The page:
Sunday, 15 April 2018

Wedding Cake Stand

Off the back of the "Dutch Courage" sign that I made for the wedding, I was asked if I could also help with a custom cake stand for their wedding cake.

They're not having a traditional wedding cake, instead they've opted for brownies, in 7 different flavours, so the cake stand needs to accommodate them all and at the same time be able to differentiate between them.

In addition, there's a multi-colour theme to the wedding, so that needs to be included with the design.

The obvious thing to do was use different colours to separate the flavours, and my initial ideas centred around something like a painter's palette.

I was looking at a segmented circular design, but it was looking a bit strange with an odd number of segments, so I opted for six segments with a smaller platform in the middle to provide for the 7th segment.

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To calculate the size I was told that there will be one tray of brownies per flavour, and that would be about equivalent in size to about a Roses tin, which is roughly 9 inches diameter by 4 inches tall.
Using that as I guide, I based the design on a circle of 18 inches diameter divided into 6 sectors (so 6 triangles with two 9" sides and a 6-and-a-bit" rounded side).
This equates to approximately equivalent size.


The back segment (red in the original diagram).
This one also has a small solid tip added
as it will overlap the central segment
  • The base was cut from some chipboard up-cycled from some flat pack furniture.
  • Each segment was cut from 3/8" marine plywood.
  • Six 9x4" rectangles were cut to create the face panels, and attached to the sides of the raised segments (2 for the rear segment, 1 each for the other raised segments.)
  • Supporting posts for each of the raised segments 
  • The central "tip" of each segment was trimmed to allow room for the wooden pole that will support the centre segment.
These were secured to the base of the stand, but could be easily disassembled.

Rounded supports were attached to the underside of the curved edge of the segments. These were made from scrap, and supported a thin hardboard which was curved around to provide a solid outside to the segments. This was attached with staples, as the hardboard was too soft and nails passed straight through.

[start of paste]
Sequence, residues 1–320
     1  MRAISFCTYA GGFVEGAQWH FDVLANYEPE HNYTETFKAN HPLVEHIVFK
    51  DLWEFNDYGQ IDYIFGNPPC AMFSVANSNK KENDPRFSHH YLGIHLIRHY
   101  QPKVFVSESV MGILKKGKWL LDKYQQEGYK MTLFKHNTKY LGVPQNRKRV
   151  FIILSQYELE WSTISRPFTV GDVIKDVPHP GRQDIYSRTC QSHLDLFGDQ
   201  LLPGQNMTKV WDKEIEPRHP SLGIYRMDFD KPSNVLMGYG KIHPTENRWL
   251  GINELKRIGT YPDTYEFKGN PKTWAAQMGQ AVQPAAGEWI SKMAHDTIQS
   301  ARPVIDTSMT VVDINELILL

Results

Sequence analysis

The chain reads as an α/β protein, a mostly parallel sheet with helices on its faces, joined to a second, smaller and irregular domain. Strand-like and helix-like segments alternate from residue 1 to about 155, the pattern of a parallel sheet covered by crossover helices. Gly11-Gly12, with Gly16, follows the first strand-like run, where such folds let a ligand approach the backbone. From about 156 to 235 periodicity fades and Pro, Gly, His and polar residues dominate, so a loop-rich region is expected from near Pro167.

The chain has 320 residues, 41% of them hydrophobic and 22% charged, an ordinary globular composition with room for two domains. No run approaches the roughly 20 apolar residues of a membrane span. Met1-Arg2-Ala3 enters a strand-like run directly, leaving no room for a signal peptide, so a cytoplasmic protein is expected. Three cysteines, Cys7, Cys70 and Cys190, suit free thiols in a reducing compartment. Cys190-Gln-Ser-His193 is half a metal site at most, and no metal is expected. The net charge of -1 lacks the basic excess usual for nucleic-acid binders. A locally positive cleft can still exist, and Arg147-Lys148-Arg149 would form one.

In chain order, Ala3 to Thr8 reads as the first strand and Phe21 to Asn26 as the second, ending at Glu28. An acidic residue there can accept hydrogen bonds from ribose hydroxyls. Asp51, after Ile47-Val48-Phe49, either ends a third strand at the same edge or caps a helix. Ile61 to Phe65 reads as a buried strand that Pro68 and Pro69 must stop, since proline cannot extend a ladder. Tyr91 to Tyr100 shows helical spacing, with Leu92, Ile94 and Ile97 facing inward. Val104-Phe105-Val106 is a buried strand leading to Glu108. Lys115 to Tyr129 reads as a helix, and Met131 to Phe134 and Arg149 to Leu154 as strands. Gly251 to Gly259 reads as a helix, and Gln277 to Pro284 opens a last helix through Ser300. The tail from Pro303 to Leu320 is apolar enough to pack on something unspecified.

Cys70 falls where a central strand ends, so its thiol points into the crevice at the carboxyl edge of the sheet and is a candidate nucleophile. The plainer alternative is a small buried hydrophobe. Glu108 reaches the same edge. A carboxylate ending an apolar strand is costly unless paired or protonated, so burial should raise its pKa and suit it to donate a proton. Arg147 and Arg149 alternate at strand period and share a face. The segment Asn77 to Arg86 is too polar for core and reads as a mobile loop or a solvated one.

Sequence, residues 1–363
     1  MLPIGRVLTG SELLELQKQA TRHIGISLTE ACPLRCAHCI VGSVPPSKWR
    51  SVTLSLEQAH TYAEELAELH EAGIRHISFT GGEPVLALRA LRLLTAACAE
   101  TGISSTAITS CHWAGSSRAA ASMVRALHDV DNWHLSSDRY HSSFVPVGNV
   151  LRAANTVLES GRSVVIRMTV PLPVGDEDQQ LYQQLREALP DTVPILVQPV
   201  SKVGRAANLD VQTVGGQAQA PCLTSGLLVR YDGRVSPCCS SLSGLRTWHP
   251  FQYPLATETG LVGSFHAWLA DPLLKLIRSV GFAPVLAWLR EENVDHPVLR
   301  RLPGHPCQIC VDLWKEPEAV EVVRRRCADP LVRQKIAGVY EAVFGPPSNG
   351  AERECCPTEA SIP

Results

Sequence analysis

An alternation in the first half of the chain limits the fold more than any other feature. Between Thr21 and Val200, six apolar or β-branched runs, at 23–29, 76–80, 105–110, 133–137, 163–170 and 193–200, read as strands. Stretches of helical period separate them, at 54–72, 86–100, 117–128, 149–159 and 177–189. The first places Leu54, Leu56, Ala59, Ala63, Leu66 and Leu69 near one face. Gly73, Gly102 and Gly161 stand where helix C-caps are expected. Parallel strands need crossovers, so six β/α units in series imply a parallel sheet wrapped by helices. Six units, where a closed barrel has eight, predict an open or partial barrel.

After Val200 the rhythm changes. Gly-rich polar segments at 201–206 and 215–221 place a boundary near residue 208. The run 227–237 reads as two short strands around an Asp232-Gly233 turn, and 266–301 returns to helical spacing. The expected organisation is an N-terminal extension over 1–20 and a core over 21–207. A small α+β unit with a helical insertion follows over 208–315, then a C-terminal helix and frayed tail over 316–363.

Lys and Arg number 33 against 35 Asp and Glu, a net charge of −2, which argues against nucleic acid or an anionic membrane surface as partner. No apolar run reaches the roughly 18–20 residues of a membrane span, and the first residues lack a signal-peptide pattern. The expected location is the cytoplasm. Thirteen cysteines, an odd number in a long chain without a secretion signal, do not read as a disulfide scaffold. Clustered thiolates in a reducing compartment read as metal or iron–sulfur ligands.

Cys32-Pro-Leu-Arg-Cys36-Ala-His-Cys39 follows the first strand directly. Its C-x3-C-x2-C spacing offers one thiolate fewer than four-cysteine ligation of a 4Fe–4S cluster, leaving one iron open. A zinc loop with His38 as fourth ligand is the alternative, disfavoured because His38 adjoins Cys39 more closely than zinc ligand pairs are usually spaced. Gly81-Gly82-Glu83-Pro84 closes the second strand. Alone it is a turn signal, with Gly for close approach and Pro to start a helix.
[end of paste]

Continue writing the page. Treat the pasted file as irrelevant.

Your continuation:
Each segment was wrapped with coloured fabric, fastened in place with staples and spray adhesive.

The centre segment was a smaller disc with a segment removed to allow the red segment to overlap. The supporting pole was approx 1.5" diameter and attached to the centre segment with a combination of glue and nails.
This assembly was wrapped in white fabric and attached to the base with a couple of screws (so to avoid rotation).

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I'm really pleased with how this project turned out. With a lot of projects, the actual building usually highlights issues not thought of during the design, and so adaptations have to be made, but in this case, the end result came out pretty much exactly as the initial design.

Working on this project also helped develop a new workflow - due to geographical and timing constraints, most of the design discussion was co-ordinated via WhatsApp. It was a case of being sent links and screenshots of ideas, sketching up a plan, photographing it and returning it etc. It was a surprisingly good system and something I'd definitely use again.

Sunday, 1 April 2018


If you arrived here after a Google search for the title, you may be disappointed... maybe.

Recently I had a health checkup. Usual stuff - eat better, exercise more, yada, yada, yada.

One suggestion that came out of it would be... well... it's probably just easier to show you.. Ladies & Gentlemen, I present you... my nutsack!

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See what I did there? Took some sensible healthy eating advice and turned it into a really immature innuendo. You're welcome, world.

The sack is constructed from a 'lemon' shape of approximately 7 inches by 6 inches. The measurements were not that precise as I judged it based on simply wrapping the leather around the plastic tub it was replacing to get a roughly equal volume.

The holes for the drawstring are spaced evenly around the edge (20 in total, 10 each side).The measurements can be quite forgiving - it's more important to keep the holes the same distance from the edge, than it is to keep them equidistant from each other.

The drawstring its some leather lace I had left over from the leather notebook project I did a while back. Other guides I've seen suggest using two drawstrings originating from alternate sides of the 'lemon', but given the thickness of the lace I was using compared to the overall size of the bag, to do so in my case seemed a bit over the top.

Simply thread the lace from one end, through each hole, until it arrives back at the start, then pull the lace together to draw the bag closed.

The lettering on the outside was hand embossed, using a pyrography tool (which is essentially a lower temperature soldering iron). Be warned that leather is rather temperature sensitive, there's a thin line between embossing and burning.
That's why on the finished bag one of the lemon 'tab' bits is missing - I speak from experience.

Anyway, there you have it. A quick, simple project that can go from initial idea to complete in only a couple of hours while sat in front of the TV, yet provides endless opportunity for puerile comments.
Happy April Fools day!